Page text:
alexa THE UTILITY OF RED CELL DISTRIBUTION WIDTH AS A PARAMETER FOR CALCULATING INDICES OF ALLOSTATIC LOAD
ISSN: 2161-0711

Journal of Community Medicine & Health Education
Open Access

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2nd World Congress on Public Health & Nutrition
March 22-23, 2017 | Rome, Italy

Ghalib A Belloa and Gerard G Dumancas
Icahn School of Medicine at Mount Sinai, USA
Louisiana State University, USA
Posters & Accepted Abstracts: J Community Med Health Educ
DOI: 10.4172/2161-0711.C1.025
Abstract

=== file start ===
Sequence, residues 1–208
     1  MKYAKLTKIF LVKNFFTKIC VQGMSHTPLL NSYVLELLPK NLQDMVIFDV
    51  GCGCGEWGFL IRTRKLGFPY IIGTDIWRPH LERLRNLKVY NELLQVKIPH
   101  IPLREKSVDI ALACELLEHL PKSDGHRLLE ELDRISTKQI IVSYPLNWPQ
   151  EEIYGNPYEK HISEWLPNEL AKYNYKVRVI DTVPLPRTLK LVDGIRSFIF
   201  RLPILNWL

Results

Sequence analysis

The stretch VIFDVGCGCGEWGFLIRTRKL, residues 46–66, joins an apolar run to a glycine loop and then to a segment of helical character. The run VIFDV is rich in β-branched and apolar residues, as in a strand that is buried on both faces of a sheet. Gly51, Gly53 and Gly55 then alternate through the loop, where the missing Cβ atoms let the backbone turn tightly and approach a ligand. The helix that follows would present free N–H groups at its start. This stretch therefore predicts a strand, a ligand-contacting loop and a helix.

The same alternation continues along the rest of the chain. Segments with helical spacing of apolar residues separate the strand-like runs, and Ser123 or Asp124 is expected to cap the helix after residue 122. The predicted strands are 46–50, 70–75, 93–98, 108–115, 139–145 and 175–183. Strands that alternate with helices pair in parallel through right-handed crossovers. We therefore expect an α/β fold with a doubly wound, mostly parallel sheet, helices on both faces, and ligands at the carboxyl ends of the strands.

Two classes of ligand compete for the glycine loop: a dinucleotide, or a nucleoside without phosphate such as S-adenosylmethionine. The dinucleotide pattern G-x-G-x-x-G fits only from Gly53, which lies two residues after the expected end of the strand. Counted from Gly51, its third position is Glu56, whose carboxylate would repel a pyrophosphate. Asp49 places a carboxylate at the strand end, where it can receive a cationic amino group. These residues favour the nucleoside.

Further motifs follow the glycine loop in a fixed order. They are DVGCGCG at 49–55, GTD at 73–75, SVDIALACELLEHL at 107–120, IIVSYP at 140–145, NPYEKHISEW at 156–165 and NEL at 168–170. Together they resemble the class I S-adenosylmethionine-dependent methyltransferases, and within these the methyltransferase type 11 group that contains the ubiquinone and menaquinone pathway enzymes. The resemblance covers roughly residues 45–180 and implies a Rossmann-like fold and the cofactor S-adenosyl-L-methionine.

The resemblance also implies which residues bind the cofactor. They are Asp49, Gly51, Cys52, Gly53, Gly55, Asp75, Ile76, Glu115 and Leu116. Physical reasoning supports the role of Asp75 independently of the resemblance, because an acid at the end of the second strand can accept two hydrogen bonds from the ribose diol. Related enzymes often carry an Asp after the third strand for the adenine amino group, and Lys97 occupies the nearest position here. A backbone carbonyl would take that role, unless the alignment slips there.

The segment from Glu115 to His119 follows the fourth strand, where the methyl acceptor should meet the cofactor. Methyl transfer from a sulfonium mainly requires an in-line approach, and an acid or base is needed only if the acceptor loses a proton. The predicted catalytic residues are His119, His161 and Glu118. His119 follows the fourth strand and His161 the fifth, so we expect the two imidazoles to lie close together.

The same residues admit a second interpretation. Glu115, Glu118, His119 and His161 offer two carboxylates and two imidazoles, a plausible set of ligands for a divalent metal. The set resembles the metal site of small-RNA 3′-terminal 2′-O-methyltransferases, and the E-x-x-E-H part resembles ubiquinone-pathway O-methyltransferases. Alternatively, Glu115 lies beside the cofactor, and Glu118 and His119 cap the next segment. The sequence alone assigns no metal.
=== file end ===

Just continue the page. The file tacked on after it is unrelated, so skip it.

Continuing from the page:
Allostatic Load is a construct used To quantify the cumulative burden of exposure to stress that, over the course of an individual’s life, exert a toll on the body’s physiological functions, predisposing to the development of various chronic ailments and conditions. The systemic physiological dysregulation resulting from increasing allostatic load can be quantified through chemical imbalances in various organ systems. Many studies have attempted to do this by combining multiple clinical parameters (e.g. albumin, C-reactive protein, cholesterol, etc.) to produce univariate indices that serve as measures of allostatic load. The general validity of these indices has been confirmed through studies showing they are good predictors of adverse health outcomes, mortality, hospital utilization and age-related pathologies. They have also used to demonstrate the existence of socioeconomic and demographic health disparities. In this study, we show the value of including red blood cell distribution width (RDW) among the panel of clinical parameters used to calculate allostatic load. RDW quantifies the degree of heterogeneity in erythrocyte volume and has shown strong correlations with mortality and a broad spectrum of diseases. A review of the existing literature on allostatic load reveals its underutilization in this area, despite being a standard component of blood count panels. Using Cox Proportional Hazards regression and Adaptive Index models, we show that calculating allostatic load using RDW (in addition to the common set of clinical parameters typically used in most studies) yields a significantly improved index. It demonstrates a superior ability to predict mortality, health status and comorbidities than the standard version currently in use.
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